One Last Stand

July 26, 2010

Yesterday ended an era.  Lance Armstrong, the 7-time champion of the Tour de France stood on the podium for one last time. The image was not nearly the same as it had been in years passed, the solitary figure, alone, wearing the Maillot Jaune (the Tour’s General Classification Champion), but it was Armstrong  surrounded by the members of his Radioshack Team each wearing  a customized black Radioshack Kit with the number 28 inscribed on the back and the name of each rider in yellow font.  This moment is the perfect finale to Lance’s career.  

Team Classification Presentation

Team Classification Presentation

 

Photo from the following link: Presentation Photo from Team Radioshack website 

Here Lance is surrounded by a team of individuals all working for the good of the whole, but at the same time working for each of the individuals within the team. The symbolism is breathtaking.  Each of these men was wearing a jersey that represented the 28 million people who are currently living with cancer. Each of those individuals fighting cancer feels isolated as they remain locked in their personal battle with cancer, but at the same time they are surrounded by a team of family members, friends, neighbors, nurses, doctors, and other medical practitioners each working for the good of the whole, but at the same time fulfilling their individual roles, similar to that of a cycling team. Each individual allows the darkness and bleakness of the disease to enter their minds at some point thinking of the grim possibilities, but their remains a light of hope in bright yellow rays that illuminates new cures, treatments, and possibilities. Therefore, the design of these kits with their black coloring and yellow lettering illustrates this concept and also, the Lance Armstrong Foundation.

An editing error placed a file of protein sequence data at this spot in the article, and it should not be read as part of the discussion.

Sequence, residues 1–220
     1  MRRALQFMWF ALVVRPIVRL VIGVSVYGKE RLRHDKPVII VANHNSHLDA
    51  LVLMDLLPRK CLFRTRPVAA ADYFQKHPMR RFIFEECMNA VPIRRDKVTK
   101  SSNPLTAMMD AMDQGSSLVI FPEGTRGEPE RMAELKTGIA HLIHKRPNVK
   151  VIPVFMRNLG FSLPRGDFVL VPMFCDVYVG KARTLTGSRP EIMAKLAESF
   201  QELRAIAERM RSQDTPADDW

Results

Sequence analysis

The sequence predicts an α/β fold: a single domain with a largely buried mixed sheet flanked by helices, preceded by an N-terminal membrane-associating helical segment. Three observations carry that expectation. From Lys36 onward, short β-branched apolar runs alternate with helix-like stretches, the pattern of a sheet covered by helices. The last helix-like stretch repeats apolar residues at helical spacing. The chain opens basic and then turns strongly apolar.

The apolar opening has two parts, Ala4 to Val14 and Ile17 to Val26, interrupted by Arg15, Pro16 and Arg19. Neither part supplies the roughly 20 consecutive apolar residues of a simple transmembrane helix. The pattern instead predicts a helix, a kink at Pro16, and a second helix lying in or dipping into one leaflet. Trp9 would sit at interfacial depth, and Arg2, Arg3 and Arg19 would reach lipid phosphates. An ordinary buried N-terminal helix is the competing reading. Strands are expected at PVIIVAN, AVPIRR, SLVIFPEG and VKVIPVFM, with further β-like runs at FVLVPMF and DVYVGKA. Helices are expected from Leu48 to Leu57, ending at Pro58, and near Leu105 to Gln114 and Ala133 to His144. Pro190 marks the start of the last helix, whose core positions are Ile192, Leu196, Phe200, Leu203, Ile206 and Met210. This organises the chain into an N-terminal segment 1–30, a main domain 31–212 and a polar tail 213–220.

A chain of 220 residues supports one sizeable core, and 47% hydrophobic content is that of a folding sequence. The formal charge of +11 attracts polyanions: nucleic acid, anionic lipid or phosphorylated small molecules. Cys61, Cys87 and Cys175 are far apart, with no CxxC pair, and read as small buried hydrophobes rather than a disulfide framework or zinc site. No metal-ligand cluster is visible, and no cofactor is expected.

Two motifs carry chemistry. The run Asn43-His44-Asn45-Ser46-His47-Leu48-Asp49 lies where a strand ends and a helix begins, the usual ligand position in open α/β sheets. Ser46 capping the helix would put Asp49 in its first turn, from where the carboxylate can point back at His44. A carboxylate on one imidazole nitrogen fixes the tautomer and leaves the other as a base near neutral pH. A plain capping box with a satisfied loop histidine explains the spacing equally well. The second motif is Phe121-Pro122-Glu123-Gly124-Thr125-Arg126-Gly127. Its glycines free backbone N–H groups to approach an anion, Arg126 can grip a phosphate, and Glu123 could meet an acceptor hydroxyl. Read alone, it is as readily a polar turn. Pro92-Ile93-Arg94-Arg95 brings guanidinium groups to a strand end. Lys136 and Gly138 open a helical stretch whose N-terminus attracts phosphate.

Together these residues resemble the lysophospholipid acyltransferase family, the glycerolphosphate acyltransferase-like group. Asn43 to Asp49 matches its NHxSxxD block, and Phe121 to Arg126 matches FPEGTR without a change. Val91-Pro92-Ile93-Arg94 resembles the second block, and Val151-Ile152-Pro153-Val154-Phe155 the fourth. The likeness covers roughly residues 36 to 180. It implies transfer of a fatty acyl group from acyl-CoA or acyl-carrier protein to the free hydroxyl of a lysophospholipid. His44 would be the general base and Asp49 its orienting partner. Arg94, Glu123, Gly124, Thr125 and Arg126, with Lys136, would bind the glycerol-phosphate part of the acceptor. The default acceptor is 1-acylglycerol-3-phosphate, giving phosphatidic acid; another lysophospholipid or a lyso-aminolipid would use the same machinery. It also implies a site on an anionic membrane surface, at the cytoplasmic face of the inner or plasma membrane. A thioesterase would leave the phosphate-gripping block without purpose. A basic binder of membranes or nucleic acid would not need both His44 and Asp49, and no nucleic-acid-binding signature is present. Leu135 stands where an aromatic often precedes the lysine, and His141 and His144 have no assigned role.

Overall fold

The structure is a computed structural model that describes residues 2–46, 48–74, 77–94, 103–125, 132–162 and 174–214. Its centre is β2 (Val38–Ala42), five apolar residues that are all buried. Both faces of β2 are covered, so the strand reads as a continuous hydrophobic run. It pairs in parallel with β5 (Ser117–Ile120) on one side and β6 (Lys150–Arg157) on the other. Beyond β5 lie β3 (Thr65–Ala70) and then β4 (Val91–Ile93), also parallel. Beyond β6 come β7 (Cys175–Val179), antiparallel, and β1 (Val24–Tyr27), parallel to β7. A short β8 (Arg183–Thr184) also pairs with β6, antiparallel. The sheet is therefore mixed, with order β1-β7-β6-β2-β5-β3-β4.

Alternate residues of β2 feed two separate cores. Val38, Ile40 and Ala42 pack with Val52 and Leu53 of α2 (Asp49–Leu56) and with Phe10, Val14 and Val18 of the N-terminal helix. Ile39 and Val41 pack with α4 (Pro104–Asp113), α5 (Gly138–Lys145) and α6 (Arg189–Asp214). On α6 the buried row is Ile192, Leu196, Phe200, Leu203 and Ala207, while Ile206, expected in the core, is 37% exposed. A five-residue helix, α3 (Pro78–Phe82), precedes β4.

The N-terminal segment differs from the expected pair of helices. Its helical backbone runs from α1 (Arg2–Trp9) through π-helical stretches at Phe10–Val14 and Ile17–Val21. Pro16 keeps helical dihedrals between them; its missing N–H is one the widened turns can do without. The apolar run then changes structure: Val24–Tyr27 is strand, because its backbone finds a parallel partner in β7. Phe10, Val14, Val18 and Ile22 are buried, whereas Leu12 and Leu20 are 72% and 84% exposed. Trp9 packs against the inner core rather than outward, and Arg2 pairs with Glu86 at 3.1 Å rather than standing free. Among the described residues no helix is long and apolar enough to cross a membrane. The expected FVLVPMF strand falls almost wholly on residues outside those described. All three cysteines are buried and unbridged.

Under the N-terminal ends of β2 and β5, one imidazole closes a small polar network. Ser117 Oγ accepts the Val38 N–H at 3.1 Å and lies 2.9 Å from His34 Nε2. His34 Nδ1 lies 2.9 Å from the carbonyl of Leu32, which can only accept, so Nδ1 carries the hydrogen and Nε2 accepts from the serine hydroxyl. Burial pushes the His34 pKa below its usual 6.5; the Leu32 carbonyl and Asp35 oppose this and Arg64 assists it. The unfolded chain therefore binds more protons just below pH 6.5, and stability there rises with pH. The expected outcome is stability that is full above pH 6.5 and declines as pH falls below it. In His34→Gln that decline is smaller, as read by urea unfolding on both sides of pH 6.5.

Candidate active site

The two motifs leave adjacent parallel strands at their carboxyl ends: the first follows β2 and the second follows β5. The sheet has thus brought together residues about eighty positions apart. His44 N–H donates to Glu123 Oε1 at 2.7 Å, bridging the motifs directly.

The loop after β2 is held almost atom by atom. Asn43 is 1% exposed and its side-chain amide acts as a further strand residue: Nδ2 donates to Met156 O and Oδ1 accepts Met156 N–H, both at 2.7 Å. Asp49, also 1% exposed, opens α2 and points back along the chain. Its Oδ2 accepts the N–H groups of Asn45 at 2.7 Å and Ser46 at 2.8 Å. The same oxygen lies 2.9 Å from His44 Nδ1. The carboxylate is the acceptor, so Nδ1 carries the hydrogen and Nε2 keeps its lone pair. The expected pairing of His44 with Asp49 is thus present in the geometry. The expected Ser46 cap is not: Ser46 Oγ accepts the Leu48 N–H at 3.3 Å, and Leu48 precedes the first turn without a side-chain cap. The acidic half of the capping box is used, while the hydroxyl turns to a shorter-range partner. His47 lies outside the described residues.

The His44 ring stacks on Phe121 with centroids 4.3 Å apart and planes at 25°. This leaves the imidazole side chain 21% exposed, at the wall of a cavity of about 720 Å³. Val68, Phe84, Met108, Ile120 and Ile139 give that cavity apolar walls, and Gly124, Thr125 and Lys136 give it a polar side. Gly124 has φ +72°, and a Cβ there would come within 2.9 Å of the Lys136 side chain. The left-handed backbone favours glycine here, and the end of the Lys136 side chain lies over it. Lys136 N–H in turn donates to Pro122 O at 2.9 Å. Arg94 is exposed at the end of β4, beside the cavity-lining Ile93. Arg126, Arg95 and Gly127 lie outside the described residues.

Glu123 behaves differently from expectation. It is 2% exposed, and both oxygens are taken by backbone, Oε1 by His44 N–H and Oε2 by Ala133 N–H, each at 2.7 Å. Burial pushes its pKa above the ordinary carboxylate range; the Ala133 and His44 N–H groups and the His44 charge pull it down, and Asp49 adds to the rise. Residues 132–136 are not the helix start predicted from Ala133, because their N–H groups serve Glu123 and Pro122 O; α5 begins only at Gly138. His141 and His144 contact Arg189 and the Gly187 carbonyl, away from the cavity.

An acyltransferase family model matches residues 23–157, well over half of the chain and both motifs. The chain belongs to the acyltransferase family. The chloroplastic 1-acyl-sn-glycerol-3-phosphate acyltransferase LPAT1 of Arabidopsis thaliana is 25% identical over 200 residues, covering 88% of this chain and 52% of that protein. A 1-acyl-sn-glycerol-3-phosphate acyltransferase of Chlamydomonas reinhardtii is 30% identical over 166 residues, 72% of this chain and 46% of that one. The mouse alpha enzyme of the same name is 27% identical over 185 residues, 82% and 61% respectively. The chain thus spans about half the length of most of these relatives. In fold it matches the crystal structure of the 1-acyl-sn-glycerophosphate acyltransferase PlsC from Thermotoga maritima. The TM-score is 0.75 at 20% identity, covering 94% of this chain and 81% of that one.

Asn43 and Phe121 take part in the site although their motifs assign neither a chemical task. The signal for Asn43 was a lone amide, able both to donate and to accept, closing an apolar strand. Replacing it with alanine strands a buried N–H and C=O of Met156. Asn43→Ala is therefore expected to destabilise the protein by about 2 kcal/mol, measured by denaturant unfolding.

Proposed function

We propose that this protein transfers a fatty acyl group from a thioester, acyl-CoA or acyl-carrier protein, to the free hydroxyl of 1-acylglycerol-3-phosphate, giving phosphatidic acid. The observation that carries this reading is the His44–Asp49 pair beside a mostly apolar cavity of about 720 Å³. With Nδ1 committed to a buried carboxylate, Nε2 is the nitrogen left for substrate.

The questionable jerseys?

 

The link for the above photo: 28 Jersey Photo and article 

Team Radioshack’s finish also highlights an increase in cycling’s popularity  in the United States, as many Americans, became aware of cycling by hearing of the dominating performance of “the Boss” and his US Postal compatriots later Discovery Channel Pro Cycling Team.  Now Americans are aware of names such as Levi Leipheimer, George Hincapie, David Zabriske, Chris Horner, Ivan Basso, Alberto Contador, Roberto Heras, Victor Hugo Pena, Viatcheslav Ekimov, Yaroslav Popovych, Floyd Landis and Tyler Hamilton.  As American’s involvement in cycling rose so too did their involvement in understanding cancer and battling it as a collective. 

Lance Armstrong may have appeared to be on  his trek as an individual champion, but in reality he led the rest of us into a deeper understanding of cycling and cancer,  both of which have the ability to reward the individual, but are based upon the combined efforts of the individual and the team that surrounds them. Therefore, the ending in Paris even though not what many (myself included) may have wanted was probably more perfectly suited to the analogy of the cycling and cancer movement. 

Side Note: Did you know that the organizers of the Tour de France fined Team Radioshack for wearing the black jerseys at the beginning of the final stage and threatened to disqualify them. The fine was approximately $6,000.  The organizers did say; however, this money would be donated to cancer research. 

Real Men Wear Spandex

July 23, 2010

I’ve done it! Purchased a road bike and have completed my first solo and small group ride. The picture above is moments after my first legitimate ride of any distance (10 miles.) You can clearly see how pleased I am to have done it, there even appears to be a little cockiness in the completion of that ride. If there is? It’s completely momentary, because entering into the world of cycling has been a very interesting road. Don’t get me wrong, I’ve followed cycling. I understand the competitive side of the sport, but actually getting involved in the machinery of it… that’s a completely different story. All of the decisions that need to be made: First: Do you want a road bike, a hybrid, or a mountainbike? Do you want clipped in shoes, (road shoes, mountainbike shoes)? What type of pedals? What type of helmet? So many questions… to the point I felt like I was Jim Carrey’s portrayal of the Riddler in Batman Forever… think back to Edward Nigma repeating to himself “Too many questions… Too many questions.” It can be very overwhelming, but thanks to some great advise and research I settled on a Trek 2.1 bicycle.